UK - The impact of changes to accounting standards could be as high as £10bn (€11.4bn), according to estimates by Aon Hewitt.
Referring to amendments that will see a pre-determined formula dictate how expected returns on pension fund assets must be calculated, the consultancy said this would affect the profit and loss figures (P&L) for all companies with a defined benefit scheme.
Marcus Hurd, principal at Aon Hewitt, said the changes would produce both winners and losers.
"A company with a low-risk investment strategy could see an additional annual profit of £15m, while another company with a more aggressive return-seeking strategy could incur an additional annual P&L charge of £25m."
He added: "In aggregate, the total impact on UK companies could be around £10bn. These changes will affect companies' accounting, so they all will need to make an individual assessment and prepare accordingly."
The changes would come after what the consultancy called a period of stability, with deficit figures across all FTSE 350 final salary schemes rising marginally to £44bn, a £3bn increase compared with the end of April.
Hurd said this relative stability was a result of low yields, as well as an uncertain outlook on asset returns.
Meanwhile, sponsors and trustees are increasingly focusing on funding deficits as the main risk to pension schemes, according to a study by MetLife Assurance.
As part of its annual UK Pension Risk Behaviour Index, the company noted that the five main concerns for sponsors had become increasingly more prominent over the last year.
While funding deficits, the employer covenant, the issue of asset and liability mismatch, as well as longevity risk and meeting investment return targets were all viewed as important in 2010, none of them rated above 28% on an overall scale of 18 risk factors.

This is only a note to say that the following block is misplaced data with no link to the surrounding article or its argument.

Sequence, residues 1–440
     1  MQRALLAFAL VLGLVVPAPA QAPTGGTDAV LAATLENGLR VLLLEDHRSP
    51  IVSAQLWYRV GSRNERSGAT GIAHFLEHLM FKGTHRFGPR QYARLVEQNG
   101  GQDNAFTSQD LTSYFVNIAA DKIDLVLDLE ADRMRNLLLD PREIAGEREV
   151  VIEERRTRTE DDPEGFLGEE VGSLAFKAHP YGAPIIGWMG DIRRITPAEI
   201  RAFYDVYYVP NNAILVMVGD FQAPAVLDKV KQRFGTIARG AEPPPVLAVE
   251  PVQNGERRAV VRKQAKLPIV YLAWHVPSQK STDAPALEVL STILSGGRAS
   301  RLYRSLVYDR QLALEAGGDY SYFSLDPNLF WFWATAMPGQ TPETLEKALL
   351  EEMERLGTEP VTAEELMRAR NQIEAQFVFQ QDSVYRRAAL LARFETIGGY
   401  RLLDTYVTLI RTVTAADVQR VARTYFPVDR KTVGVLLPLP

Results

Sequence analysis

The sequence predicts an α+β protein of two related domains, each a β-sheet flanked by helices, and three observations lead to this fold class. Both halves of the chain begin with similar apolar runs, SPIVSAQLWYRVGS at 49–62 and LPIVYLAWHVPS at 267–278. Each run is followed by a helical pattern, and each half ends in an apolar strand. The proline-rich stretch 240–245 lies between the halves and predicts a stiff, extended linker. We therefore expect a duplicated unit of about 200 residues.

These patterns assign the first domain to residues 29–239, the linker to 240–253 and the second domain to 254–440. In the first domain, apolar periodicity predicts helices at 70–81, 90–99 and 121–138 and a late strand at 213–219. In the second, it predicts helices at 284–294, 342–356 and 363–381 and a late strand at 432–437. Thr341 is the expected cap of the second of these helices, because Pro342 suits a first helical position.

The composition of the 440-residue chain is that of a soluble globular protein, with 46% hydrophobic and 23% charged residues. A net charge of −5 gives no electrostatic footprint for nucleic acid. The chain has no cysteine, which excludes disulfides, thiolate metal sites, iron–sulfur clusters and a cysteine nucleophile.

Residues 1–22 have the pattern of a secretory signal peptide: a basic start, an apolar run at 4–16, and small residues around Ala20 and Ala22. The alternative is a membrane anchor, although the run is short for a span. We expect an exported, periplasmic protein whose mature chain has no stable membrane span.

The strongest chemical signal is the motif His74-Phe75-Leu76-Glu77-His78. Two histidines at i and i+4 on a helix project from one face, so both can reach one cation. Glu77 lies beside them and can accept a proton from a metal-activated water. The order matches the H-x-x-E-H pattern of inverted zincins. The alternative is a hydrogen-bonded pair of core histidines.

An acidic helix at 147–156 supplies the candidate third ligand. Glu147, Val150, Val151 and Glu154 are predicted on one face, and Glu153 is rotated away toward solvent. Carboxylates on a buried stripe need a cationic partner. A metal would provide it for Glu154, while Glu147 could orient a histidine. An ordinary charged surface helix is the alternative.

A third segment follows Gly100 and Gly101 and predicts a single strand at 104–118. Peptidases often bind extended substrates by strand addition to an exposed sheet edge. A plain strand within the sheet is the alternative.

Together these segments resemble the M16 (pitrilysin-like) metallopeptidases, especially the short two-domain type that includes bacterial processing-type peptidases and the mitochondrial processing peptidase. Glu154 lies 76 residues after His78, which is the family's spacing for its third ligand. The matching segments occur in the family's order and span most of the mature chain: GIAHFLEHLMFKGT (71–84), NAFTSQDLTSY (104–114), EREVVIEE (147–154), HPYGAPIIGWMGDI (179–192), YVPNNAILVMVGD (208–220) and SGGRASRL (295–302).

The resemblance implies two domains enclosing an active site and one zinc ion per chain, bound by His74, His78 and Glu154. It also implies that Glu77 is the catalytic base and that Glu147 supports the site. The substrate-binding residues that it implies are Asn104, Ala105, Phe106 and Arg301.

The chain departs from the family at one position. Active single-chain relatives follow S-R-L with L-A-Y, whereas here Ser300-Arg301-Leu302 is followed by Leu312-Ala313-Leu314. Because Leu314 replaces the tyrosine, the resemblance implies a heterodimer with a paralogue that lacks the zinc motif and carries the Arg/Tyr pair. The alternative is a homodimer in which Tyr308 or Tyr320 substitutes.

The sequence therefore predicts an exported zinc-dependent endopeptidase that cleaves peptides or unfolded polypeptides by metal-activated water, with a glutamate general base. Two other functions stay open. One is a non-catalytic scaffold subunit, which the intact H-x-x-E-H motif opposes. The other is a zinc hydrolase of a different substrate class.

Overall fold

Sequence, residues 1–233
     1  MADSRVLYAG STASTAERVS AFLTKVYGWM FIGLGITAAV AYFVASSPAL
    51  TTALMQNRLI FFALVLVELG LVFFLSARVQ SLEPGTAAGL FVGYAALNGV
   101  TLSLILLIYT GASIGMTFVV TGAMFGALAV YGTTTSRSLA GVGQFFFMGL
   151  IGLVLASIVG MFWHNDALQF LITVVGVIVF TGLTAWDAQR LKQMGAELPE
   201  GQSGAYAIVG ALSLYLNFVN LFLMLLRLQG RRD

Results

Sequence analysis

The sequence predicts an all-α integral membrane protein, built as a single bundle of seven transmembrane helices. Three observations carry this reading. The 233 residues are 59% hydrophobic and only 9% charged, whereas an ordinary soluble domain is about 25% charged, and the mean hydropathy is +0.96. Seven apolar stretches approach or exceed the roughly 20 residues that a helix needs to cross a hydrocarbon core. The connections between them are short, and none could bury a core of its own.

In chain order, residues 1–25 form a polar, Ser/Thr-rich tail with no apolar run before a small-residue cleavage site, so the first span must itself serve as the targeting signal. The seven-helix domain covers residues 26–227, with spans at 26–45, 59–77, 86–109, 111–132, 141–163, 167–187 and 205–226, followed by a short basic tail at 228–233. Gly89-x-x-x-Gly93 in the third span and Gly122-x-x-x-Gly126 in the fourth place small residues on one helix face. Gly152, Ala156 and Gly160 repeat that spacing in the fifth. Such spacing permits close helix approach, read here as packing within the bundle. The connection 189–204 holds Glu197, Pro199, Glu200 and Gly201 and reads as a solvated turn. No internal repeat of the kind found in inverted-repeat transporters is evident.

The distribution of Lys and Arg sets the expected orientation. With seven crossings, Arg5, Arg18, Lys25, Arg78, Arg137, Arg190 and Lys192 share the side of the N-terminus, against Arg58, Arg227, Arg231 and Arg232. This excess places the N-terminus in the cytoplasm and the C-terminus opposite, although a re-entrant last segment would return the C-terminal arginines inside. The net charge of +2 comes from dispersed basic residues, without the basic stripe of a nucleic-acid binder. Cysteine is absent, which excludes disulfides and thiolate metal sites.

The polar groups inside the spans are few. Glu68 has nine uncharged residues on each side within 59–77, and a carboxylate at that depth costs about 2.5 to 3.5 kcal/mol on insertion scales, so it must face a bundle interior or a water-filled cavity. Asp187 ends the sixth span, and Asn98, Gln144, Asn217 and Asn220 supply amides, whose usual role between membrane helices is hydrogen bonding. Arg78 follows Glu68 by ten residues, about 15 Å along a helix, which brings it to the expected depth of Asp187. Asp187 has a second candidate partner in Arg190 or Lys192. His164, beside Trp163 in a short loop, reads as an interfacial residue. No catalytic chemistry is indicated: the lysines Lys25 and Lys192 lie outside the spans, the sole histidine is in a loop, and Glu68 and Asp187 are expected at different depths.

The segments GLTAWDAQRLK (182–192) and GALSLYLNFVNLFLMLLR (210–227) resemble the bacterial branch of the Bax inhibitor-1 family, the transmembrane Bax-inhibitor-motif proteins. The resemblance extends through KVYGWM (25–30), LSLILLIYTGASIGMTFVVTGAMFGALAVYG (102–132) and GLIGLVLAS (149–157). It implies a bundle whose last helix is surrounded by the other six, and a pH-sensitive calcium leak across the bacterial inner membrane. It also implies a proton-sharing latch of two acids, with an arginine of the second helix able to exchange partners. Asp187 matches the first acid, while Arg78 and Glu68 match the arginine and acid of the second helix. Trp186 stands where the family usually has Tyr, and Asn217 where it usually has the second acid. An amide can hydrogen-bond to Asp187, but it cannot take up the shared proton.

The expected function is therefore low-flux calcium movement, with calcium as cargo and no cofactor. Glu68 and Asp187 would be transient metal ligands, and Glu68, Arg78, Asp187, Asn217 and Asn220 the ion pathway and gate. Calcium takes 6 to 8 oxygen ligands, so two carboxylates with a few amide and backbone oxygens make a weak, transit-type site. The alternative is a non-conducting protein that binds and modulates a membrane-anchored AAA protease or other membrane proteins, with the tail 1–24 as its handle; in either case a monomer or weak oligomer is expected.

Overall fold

However, as part of the current survey, all five factors gained further prominence, with 58% of respondents now citing funding deficits as a leading concern.
MetLife's chief executive Dan DeKeizer said this indicated a more selective approach to pension risk.
DeKeizer argued this would allow sponsors to focus on the key issues in future, allowing for clearer prioritisation, but warned that this was yet to be reflected by their actions.
"Ideally, there should be consistency between the importance that scheme sponsors and trustees ascribe to risks and how successfully they are reported as being managed," he said.
He said that while deficits were seen as the biggest risk, it was only ranked 12 when sponsors had to evaluate their own success at tackling risk factors.
Similarly, asset and liability mismatch was ranked third, but failed to rank among the 10 most successfully addressed issues.
Finally, Aviva Investors has launched an open-ended real estate fund, which it hopes will attract a number of local government pension schemes (LGPS) that are unable to invest in the asset class due to investment guidelines.
The company said its Global Real Estate Fund of Funds would give UK schemes exposure to the continental European market, as well as North America and the Asia Pacific region.
John Gellatly, head of real estate multi-managers in Europe, said pension funds often ignored chances to diversify their real estate holdings, instead only investing in the home market.
"However, by looking further afield, pension schemes are able to access a broad range of markets that offer different risk and return prospects and varying investment styles, allowing them to exploit opportunities that are not available in their home markets," he added.
Gellatly explained that LGPS would be able to circumvent current investment guidelines, as it was structured as a property unit trust based in Jersey.
He argued the low correlation between other asset classes and real estate returns was another reason to consider investment.
"Asia Pacific is currently showing signs of a strong recovery and is capable of delivering good income growth, while in continental Europe and the US we see a number of significant opportunities for growth," he added.